725 F.2d 1301
H.T. TRUETT, Sr., Plaintiff-Appellant,
JOHNS-MANVILLE SALES CORP., et al., Defendants-Appellees.
United States Court of Appeals,
Feb. 10, 1984.
Roger B. Lane, Brunswick, Ga., for plaintiff-appellant.
J. Douglas Stewart, Gainesville, Ga., for Nicolet.
J. Wayne Pierce, Atlanta, Ga., for Forty-Eight & Eagle-Picher.
William C. Reed, Augusta, Ga., for Fibreboard.
James E. Mahar, Jr., Gainesville, Ga., for UNARCO.
Charles B. Mikell, Jr., Savannah, Ga., for Celotex.
Appeal from the United States District Court for the Southern District of Georgia.
Before FAY, VANCE and KRAVITCH, Circuit Judges.
On October 18, 1983, the district court entered an order of summary judgment in favor of appellees. On December 8, 1983, fifty-one days after the entry of final judgment, appellant filed an untimely notice of appeal together with a motion for extension of time for appeal. Finding excusable neglect warranting an extension of time, the district court granted the motion ex parte. Appellees now move this court to dismiss the appeal as untimely on the ground that appellant did not comply with the requirements of Fed.R.App.P. 4(a)(5) by failing to notify them of the motion for extension.
Fed.R.App.P. 4(a)(5) provides:
The district court, upon a showing of excusable neglect or good cause, may extend the time for filing a notice of appeal upon motion filed not later than 30 days after the expiration of the time prescribed by this Rule 4(a). Any such motion which is filed before expiration of the prescribed time may be ex parte unless the court otherwise requires. Notice of any such motion which is filed after expiration of the prescribed time shall be given to the other party in accordance with local rules. No such extension shall exceed 30 days past such prescribed time or 10 days from the date of entry of the order granting the motion, whichever occurs later. (Emphasis added).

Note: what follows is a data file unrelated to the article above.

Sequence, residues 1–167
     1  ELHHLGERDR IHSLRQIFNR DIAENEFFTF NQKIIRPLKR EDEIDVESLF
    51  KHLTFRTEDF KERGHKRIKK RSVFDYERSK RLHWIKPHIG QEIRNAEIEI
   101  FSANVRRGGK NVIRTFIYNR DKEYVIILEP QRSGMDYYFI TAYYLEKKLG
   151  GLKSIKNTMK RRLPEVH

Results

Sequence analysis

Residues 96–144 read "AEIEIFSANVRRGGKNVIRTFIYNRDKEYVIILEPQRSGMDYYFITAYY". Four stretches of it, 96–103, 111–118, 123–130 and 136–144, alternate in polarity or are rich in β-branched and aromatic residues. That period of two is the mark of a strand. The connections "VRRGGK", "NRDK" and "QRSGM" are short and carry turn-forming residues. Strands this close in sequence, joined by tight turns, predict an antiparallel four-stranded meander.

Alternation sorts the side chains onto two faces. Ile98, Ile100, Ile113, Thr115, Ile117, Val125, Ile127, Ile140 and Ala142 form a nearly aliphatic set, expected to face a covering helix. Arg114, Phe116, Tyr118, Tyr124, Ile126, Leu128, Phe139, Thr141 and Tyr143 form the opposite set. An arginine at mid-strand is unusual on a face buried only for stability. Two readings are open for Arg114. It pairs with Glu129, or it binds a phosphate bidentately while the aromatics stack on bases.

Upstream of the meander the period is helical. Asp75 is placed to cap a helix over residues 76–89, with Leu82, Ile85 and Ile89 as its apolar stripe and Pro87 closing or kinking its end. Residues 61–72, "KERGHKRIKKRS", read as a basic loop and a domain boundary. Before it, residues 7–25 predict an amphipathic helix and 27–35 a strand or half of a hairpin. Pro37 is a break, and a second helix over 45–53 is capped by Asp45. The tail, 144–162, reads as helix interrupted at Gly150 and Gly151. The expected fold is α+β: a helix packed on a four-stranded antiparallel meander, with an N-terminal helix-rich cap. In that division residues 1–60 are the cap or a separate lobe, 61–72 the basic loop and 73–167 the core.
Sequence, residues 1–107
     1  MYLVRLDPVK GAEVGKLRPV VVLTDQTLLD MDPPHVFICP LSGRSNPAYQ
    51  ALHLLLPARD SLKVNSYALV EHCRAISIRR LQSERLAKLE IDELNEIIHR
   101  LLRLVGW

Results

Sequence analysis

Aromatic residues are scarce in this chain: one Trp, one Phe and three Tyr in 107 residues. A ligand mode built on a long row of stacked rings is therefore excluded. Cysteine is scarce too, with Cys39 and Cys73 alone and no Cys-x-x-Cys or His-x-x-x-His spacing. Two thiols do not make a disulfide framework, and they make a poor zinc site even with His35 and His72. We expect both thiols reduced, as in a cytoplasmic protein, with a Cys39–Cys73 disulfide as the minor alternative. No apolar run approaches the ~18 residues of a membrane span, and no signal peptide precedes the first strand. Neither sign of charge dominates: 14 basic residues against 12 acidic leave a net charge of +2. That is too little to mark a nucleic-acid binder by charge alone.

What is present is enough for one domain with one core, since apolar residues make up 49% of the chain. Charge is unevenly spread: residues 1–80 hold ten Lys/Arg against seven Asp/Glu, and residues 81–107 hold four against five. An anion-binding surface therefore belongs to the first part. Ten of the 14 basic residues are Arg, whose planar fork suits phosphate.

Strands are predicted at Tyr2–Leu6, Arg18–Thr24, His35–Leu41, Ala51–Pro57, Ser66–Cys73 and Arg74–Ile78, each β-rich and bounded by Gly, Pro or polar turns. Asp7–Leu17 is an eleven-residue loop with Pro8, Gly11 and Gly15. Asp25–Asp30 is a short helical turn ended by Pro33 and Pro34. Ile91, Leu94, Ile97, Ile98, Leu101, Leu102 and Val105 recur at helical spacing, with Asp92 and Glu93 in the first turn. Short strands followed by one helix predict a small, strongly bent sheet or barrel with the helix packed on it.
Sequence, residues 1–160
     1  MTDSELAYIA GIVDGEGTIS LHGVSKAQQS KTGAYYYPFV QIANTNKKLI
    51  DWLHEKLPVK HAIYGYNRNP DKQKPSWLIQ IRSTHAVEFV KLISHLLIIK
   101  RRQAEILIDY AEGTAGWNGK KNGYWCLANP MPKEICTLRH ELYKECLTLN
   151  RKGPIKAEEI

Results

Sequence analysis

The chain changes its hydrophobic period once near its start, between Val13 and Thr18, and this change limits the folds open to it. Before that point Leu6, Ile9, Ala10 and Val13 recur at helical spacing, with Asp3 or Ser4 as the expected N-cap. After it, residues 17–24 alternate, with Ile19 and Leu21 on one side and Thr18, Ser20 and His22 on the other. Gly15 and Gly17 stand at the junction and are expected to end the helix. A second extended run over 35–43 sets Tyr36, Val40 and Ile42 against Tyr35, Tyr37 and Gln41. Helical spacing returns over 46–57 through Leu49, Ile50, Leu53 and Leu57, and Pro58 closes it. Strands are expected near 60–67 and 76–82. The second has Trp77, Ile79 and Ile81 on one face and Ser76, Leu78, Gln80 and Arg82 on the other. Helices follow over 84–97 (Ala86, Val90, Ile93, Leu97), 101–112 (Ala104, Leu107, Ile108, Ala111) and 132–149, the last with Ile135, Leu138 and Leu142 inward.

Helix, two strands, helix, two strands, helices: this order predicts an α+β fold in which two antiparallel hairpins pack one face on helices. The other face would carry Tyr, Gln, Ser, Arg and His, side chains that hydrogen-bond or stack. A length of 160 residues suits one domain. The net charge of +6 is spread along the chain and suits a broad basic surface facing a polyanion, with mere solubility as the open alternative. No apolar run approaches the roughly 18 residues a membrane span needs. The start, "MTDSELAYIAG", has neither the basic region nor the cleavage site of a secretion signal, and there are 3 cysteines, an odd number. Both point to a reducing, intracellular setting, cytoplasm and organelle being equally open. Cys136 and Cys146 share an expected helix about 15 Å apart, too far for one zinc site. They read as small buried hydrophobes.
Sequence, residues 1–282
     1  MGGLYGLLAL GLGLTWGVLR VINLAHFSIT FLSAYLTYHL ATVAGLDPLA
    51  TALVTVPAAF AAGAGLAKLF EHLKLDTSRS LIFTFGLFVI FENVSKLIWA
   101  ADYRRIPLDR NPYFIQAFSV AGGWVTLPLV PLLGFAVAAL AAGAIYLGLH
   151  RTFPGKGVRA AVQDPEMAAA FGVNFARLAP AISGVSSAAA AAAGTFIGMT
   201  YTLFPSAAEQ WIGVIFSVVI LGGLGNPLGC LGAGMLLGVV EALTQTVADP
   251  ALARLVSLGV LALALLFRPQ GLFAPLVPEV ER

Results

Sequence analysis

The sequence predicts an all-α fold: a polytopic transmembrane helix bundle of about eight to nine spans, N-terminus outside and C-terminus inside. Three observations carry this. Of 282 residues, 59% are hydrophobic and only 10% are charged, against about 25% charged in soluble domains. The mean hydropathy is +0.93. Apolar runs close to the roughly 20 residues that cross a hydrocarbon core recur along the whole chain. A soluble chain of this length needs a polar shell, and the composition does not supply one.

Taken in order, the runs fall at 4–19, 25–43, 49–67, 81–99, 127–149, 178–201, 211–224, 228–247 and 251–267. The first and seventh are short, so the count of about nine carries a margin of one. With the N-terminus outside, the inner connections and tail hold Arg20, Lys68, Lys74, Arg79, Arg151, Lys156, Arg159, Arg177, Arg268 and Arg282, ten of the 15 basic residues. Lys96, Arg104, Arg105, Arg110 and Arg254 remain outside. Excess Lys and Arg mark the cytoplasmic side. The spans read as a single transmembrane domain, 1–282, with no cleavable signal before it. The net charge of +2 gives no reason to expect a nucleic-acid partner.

The Rule authorizes the district court to act ex parte only if the motion is filed within the "time prescribed by this Rule 4(a)," which, in cases not involving the United States as a party, is thirty days from the entry of final judgment. See Fed.R.App.P. 4(a)(1). If a motion for extension is filed after the expiration of the original thirty-day period, as it was here, Rule 4(a)(5) requires that notice be given to the other parties. In their motion to dismiss the appeal, appellees have alleged that the earliest any appellee knew of the motion for extension was when notices of appeal were received on January 6, 1984, eighty days after entry of final judgment. Appellant did not dispute this assertion in his response to the motion to dismiss, nor does it appear from the record that appellees were notified.
Because appellant filed the motion after the original thirty-day period prescribed by Fed.R.App.P. 4(a)(1), the district court was without jurisdiction to grant the motion ex parte. The court's order granting the motion therefore was void ab initio. See Oda v. Transcon Lines Corp., 650 F.2d 231 (10th Cir.1981); cf. Diffenderfer v. Homer, 408 F.2d 1344 (5th Cir.1969) (construing similar provision in Rule 4(a) prior to 1979 amendment1). Accordingly, the appeal must be dismissed as untimely.
The pre-1979 version of Rule 4(a) provided in part:
Upon a showing of excusable neglect, the district court may extend the time for filing the notice of appeal by any party for a period not to exceed 30 days from the expiration of the time otherwise prescribed by this subdivision. Such an extension may be granted before or after the time otherwise prescribed by this subdivision has expired; but if a request for an extension is made after such time has expired, it shall be made by motion with such notice as the court shall deem appropriate. (Emphasis added).